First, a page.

Something unusual is happening.
While the world struggles to overcome COVID-19 by vaccinating all of humanity, the U.N. secretary general, Democratic members of the House Select Committee on the Climate Crisis, President Joe Biden and the CEO of BlackRock have found agreement on one thing: We can no longer ignore climate change.
There’s broad agreement among scientists that human activity is causing climate change. However, discussions often fail to make the explicit connection between climate change and man-made supply chains. Human activity is causing climate change; all human activity is driven by supply chains. We can’t solve the climate crisis until we refashion global, man-made supply chains so that they cause less harm to the environment.
Moreover, some scientists argue that the COVID-19 pandemic is one of the indirect effects of climate change, and that we may see more instances of pathogens moving from animals to people as climate change accelerates.
That is scary.
The transformation of man-made supply chains that is required if the world is to come to grips with climate change is of such scale that it requires the creation of a new, independent agency of the U.S. government. That agency should coordinate and orchestrate all U.S. activities that are required to enable this technological transformation.
We are at the beginning of the largest sector-driven investment opportunity of our lifetimes — the technology-driven refashioning of global supply chains. According to a 2016 analysis by the World Bank, $90 trillion of infrastructure investments will be required by 2030 for the world to respond adequately to climate change.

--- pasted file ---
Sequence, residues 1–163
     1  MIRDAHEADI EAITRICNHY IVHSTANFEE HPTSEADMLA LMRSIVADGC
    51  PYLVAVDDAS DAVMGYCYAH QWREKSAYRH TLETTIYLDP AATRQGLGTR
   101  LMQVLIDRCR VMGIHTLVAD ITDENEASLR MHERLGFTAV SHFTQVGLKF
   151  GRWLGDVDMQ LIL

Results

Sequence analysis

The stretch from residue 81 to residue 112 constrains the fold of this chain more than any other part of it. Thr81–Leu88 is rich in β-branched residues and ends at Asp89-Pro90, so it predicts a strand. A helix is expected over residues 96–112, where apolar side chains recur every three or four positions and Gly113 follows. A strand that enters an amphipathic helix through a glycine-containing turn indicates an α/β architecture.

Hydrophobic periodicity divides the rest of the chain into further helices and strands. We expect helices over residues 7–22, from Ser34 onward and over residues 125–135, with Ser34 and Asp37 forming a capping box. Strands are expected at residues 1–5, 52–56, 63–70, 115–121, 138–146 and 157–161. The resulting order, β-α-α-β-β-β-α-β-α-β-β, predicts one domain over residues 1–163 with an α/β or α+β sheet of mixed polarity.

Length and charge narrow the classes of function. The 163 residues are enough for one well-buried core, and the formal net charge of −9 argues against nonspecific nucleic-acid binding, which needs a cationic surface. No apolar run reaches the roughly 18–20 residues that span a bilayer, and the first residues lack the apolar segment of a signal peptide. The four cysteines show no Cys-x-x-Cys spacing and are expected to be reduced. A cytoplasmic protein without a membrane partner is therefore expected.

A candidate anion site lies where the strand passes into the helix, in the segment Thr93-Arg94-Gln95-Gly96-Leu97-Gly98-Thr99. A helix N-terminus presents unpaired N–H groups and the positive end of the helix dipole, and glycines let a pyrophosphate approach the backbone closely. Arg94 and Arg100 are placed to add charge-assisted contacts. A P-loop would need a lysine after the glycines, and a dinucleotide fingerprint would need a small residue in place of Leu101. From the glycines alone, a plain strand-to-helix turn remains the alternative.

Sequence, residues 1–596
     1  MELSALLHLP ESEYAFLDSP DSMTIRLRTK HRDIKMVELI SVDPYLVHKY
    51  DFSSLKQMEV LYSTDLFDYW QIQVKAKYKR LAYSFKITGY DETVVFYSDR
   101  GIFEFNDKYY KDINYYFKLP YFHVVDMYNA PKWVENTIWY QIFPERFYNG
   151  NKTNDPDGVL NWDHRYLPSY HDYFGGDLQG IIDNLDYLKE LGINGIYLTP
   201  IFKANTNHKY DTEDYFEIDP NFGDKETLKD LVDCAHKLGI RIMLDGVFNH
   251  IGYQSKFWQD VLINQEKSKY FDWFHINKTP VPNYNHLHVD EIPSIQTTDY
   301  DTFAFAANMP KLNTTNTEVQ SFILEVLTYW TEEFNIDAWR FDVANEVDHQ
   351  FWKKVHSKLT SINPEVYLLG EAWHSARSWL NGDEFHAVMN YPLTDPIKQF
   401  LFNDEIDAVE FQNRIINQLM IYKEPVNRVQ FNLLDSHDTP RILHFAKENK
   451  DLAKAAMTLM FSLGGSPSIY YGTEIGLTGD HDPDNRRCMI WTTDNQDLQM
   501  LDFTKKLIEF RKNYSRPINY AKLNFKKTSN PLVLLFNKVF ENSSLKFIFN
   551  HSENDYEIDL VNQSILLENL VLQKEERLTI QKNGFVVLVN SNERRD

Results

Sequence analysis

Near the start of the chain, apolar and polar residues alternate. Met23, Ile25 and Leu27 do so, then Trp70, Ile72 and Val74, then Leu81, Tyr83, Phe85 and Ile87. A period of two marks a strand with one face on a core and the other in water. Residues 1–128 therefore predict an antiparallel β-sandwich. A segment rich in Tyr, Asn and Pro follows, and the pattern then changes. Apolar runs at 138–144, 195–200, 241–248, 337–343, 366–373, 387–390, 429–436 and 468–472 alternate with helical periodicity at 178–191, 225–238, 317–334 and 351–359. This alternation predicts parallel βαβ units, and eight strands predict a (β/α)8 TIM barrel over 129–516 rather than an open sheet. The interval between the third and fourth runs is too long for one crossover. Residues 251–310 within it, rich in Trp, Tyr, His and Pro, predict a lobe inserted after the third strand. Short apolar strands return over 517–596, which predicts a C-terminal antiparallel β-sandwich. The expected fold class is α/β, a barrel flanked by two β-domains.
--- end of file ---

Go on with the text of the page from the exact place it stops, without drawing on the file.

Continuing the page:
Each of the U.N.’s 17 Strategic Development Goals is fundamentally related to supply chain transformation. Each is about reducing the friction that occurs in intranational and international production and consumption networks, and ensuring that man’s use of the natural environment is symbiotic and regenerative rather than exploitative and extractive.
Information technologies will play a central role in the world’s efforts to tackle climate change directly and accomplish the 17 SDGs. However, the sort of supply chain transformation that will be required to transform the economy in the manner described by the House Select Committee on the Climate Crisis demands innovation in the way software and information, and communications technologies, interact with the physical world.
This is unchartered territory.
As the world comes to grips with the COVID-19 pandemic, we are witnessing what government support through the National Institutes of Health and Biomedical Advanced Research and Development Agency can accomplish. A process that normally takes 10 years has been shrunk to 10 months.
When the world must solve big problems, success has required active participation by the federal government. As Mariana Mazzucato puts it in her book, “The Entrepreneurial State: Debunking Public vs. Private Sector Myths:” “Indeed, nearly all the technological revolutions in the past – from the Internet to today’s green tech revolution – required a massive push by the State.” Space travel is another good example.